|Publication number||US5358424 A|
|Application number||US 08/105,224|
|Publication date||Oct 25, 1994|
|Filing date||Aug 11, 1993|
|Priority date||Aug 11, 1993|
|Also published as||DE69416625D1, DE69416625T2, EP0638958A2, EP0638958A3, EP0638958B1|
|Publication number||08105224, 105224, US 5358424 A, US 5358424A, US-A-5358424, US5358424 A, US5358424A|
|Inventors||David C. Bowen, Frank A. Harwath, Jerry A. Long|
|Original Assignee||Molex Incorporated|
|Export Citation||BiBTeX, EndNote, RefMan|
|Patent Citations (11), Non-Patent Citations (2), Referenced by (21), Classifications (10), Legal Events (6)|
|External Links: USPTO, USPTO Assignment, Espacenet|
This invention generally relates to the art of electrical connectors and, particularly, to an electrical connector assembly for terminating a multi-conductor flat cable such as a ribbon cable.
Electrical connectors have been provided in a wide variety of configurations for terminating multi-conductor cables such as integral flat or ribbon cables. With the ever-increasing miniaturization of electrical connectors and the ever-increasing numbers of wires in multi-conductor cables, electrical connectors of the character described have become increasingly complicated in order to accommodate relatively large numbers of conductors terminated in relatively small connectors. For instance, a ribbon cable may have conductors on close centerline spacing on the order of .025 inches. Connectors for such high density ribbon cables are used in a variety of applications, such as connecting disk drives in computers.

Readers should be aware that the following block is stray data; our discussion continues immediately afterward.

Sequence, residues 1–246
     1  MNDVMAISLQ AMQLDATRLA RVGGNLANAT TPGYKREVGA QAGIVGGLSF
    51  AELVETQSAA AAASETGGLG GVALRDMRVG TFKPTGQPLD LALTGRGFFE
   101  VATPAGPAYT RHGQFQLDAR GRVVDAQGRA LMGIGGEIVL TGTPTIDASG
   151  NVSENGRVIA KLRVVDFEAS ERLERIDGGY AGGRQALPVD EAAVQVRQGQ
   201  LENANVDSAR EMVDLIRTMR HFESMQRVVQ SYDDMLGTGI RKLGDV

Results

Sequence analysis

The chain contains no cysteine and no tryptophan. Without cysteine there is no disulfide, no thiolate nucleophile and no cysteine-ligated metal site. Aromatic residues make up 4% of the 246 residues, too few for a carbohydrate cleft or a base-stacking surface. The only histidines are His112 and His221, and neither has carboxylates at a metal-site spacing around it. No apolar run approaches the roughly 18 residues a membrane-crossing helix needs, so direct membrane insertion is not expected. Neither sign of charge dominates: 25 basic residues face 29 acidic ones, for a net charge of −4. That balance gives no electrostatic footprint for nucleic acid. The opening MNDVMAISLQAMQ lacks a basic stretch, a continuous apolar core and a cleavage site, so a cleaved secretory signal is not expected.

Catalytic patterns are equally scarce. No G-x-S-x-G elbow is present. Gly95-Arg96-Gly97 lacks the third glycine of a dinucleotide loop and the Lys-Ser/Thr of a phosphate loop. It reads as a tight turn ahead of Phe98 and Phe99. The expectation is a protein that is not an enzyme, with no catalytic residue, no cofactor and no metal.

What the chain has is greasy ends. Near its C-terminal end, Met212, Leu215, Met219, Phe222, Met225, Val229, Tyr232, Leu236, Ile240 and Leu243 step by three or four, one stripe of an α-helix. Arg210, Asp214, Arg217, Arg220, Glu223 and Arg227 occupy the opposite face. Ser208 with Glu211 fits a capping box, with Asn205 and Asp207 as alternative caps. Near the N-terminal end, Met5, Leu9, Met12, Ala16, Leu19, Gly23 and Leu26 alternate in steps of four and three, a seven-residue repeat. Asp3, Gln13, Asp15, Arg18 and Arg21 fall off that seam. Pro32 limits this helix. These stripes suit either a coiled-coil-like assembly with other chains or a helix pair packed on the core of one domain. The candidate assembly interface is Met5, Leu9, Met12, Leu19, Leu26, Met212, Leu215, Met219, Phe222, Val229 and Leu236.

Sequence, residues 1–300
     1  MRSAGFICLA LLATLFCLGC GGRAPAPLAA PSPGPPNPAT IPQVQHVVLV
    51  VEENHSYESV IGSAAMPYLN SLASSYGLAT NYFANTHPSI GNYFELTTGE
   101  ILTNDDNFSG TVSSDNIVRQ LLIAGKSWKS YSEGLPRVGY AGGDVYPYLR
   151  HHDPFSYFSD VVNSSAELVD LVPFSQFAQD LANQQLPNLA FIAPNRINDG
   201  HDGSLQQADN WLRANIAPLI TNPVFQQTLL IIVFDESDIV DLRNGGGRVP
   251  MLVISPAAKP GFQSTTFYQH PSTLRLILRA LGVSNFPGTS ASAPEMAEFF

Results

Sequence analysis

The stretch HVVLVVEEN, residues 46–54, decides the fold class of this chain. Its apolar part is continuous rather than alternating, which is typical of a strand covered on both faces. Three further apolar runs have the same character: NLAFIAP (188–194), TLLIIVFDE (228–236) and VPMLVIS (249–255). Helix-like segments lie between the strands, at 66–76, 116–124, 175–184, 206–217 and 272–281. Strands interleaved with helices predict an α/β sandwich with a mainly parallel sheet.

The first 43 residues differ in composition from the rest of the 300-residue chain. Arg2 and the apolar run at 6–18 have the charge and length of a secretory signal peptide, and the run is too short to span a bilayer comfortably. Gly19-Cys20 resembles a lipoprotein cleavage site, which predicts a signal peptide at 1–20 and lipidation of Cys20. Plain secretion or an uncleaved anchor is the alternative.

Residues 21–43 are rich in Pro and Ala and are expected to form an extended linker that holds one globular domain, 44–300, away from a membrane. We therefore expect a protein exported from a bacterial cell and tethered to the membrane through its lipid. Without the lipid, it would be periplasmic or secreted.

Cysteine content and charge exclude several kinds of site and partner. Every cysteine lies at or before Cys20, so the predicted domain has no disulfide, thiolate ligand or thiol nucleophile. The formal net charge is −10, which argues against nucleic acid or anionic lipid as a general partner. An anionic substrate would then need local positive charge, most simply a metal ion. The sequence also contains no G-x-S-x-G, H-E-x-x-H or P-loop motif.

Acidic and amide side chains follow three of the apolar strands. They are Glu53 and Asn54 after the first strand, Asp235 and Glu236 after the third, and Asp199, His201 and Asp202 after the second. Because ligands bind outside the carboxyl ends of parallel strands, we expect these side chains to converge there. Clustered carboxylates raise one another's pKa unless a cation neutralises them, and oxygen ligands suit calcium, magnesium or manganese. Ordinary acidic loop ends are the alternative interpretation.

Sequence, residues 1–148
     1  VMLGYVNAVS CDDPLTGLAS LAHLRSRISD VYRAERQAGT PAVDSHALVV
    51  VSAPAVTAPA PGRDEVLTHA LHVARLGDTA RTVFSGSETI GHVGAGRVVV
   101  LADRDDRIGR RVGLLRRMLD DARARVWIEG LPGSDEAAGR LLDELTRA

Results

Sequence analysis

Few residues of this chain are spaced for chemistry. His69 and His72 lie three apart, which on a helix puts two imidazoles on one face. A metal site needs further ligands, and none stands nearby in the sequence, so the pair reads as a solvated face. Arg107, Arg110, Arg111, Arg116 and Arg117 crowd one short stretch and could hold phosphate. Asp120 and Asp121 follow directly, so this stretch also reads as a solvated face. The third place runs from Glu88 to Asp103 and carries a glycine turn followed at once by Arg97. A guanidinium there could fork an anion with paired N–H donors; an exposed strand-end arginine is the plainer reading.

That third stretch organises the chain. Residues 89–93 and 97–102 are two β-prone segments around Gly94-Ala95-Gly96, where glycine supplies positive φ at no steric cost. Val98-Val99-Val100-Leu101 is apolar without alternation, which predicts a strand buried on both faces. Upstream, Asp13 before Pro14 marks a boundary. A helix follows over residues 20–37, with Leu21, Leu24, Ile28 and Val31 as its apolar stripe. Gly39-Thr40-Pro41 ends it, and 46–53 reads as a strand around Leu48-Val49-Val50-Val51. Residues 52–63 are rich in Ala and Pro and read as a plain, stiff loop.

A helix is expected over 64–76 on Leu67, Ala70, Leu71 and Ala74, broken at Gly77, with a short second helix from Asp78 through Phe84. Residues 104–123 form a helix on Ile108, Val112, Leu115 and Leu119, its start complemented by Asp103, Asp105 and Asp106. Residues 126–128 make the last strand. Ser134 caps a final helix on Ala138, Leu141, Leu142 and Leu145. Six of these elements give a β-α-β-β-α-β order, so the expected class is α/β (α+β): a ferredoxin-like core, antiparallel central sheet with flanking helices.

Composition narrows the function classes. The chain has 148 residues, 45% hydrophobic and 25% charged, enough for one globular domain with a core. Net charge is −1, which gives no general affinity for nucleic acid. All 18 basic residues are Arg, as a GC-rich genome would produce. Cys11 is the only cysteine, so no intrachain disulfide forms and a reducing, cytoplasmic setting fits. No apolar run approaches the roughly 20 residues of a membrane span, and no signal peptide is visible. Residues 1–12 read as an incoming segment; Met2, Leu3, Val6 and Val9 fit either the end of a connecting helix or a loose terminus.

Most electrical connectors for terminating ribbon cables are of the insulation displacing termination type. These connectors generally include a housing having a mating face, an opposed cable-receiving face, and at least two rows of terminal-receiving passages extending between the faces. A plurality of terminals, most often stamped and formed of sheet metal material, are received in respective passages, each terminal having a mating portion toward the mating face of the housing and a generally U-shaped insulation displacement portion toward the cable-receiving face of the housing. Some form of secondary housing component, such as a cover, is provided for forcing conductors of the ribbon cable into the U-shaped insulation displacement portions of the terminals, with the cover embracing the ribbon cable between the cover and the cable-receiving face of the housing.